Carrie Muller

BIOGRAPHY
Carrie was born in Ontario and grew up in Cape Breton. A life-long love of words and word play earned her the nickname ‘Vocabulary Carrie’ in high school and she once dreamed of a career in journalism. Following university, she married, had two children and eventually settled in Dartmouth, Nova Scotia where she currently resides.

Employed at Halifax Public Libraries as a Library Assistant for the past 25 years, Carrie has been bringing her love of literature to children through stories, puppet shows and general zaniness for many years.

In her free time, Carrie can be found lounging in her back yard garden chair catching up on her reading, supervising never-ending renovations, or boating the waters of Halifax, trying to find Pirates and adventure.

Her picture book, The Terrible, Horrible, Smelly Pirate, co-authored with Jackie Halsey, was published by Nimbus in 2008.


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Recommended Experience Levels

The Writers’ Federation of Nova Scotia (WFNS) recommends that each workshop’s participants share a level or range of writing / publication experience. This is to ensure each participant gets value from the workshop⁠ and is presented with information, strategies, and skills that suit their current writing priorities.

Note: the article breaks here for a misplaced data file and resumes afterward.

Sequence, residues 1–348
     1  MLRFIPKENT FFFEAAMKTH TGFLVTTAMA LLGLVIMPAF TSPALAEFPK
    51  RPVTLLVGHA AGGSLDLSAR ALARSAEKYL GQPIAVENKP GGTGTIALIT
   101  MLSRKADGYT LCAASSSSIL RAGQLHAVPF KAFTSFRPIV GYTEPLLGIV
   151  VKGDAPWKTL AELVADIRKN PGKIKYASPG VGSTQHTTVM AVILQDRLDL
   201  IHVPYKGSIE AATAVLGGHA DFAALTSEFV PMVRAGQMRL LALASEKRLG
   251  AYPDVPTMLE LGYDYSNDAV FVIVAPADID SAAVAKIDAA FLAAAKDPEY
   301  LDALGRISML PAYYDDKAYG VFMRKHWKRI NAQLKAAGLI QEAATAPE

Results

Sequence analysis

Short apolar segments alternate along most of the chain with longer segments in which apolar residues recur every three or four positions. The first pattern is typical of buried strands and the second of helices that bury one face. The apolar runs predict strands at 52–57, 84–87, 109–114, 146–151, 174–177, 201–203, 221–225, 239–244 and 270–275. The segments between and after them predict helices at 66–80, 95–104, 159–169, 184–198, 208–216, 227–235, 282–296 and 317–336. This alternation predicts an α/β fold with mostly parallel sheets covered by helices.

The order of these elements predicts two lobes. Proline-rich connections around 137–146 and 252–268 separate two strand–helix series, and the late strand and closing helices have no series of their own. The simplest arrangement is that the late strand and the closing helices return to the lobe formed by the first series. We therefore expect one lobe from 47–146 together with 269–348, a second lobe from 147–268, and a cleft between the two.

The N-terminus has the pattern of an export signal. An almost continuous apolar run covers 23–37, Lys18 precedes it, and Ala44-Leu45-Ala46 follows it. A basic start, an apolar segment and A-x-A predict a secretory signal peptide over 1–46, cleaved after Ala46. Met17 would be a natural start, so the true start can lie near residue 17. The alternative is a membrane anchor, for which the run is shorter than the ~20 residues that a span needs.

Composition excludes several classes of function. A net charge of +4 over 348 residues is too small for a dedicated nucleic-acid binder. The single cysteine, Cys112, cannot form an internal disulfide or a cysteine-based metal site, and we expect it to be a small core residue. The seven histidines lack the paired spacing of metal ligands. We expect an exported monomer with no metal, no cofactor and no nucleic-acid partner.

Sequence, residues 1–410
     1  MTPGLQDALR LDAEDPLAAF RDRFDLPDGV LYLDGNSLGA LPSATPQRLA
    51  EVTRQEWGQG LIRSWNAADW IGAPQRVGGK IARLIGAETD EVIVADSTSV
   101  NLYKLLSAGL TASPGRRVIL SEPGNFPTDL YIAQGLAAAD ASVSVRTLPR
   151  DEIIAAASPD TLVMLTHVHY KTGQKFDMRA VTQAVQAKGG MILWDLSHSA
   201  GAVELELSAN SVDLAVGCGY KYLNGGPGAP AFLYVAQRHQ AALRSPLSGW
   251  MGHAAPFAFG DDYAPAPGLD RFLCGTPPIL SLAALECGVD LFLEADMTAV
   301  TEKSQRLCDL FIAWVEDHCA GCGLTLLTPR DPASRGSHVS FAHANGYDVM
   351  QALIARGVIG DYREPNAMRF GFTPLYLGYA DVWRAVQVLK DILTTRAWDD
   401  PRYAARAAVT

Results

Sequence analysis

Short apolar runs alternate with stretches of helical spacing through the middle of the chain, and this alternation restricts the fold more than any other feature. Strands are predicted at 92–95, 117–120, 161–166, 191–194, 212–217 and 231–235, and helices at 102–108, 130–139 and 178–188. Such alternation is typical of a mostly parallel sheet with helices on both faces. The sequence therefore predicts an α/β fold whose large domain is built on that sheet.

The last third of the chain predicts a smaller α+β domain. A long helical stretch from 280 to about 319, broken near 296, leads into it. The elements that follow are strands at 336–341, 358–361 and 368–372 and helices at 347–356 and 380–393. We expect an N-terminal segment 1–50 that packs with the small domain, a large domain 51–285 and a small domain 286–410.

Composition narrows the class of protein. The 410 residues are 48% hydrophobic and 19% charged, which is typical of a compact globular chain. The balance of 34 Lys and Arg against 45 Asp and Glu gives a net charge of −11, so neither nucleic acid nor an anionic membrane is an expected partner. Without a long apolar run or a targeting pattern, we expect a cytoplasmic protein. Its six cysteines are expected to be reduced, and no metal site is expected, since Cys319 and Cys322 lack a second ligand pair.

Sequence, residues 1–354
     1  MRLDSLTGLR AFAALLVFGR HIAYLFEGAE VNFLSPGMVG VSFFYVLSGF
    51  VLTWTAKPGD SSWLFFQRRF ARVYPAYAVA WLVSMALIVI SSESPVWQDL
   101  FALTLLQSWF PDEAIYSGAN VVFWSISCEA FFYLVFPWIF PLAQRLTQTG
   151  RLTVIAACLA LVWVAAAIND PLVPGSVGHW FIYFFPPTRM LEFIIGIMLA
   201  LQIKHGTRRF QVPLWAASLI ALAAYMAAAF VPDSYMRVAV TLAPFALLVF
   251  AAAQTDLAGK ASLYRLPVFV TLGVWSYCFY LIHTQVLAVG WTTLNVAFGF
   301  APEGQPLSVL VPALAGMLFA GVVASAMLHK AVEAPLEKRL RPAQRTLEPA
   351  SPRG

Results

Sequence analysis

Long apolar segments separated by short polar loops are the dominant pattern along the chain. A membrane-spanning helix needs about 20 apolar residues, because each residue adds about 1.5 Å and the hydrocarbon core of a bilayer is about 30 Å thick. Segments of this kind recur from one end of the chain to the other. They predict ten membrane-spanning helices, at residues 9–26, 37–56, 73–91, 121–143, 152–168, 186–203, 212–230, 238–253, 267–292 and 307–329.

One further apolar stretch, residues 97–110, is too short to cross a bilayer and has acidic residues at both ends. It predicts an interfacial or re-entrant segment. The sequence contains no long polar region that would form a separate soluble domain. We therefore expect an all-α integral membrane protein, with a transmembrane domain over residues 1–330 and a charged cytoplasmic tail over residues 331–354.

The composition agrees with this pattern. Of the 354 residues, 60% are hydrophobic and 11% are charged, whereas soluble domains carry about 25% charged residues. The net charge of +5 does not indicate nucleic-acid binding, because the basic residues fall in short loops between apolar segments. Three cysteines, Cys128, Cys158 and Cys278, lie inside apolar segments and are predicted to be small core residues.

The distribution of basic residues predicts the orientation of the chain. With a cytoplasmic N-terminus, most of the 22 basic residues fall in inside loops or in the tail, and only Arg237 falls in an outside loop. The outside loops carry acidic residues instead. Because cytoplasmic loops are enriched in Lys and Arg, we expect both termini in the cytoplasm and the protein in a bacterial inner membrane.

To this end, the “Recommended experience level” section of each workshop description refers to the following definitions developed by WFNS:

  • New writers: those who have been writing creatively for less than two years and/or have not yet been published in any form.
  • Emerging writers: those who have been writing creatively for less than five years and/or have some short publications (poems, stories, or essays) in literary magazines, journals, or anthologies.
  • Established writers/authors: those with numerous publications in magazines, journals, or anthologies and/or a full-length book publication.
  • Professional authors: those with two or more full-length book publications.

For “intensive” and “masterclass” workshops, which provide more opportunities for peer-to-peer (that is, participant-to-participant) feedback, the recommended experience level should be followed.

For all other workshops, the recommended experience level is just that—a recommendation—and we encourage potential participants to follow their own judgment when registering.

If you’re uncertain of your experience level with regard to any particular workshop, please feel free to contact us at communications@writers.ns.ca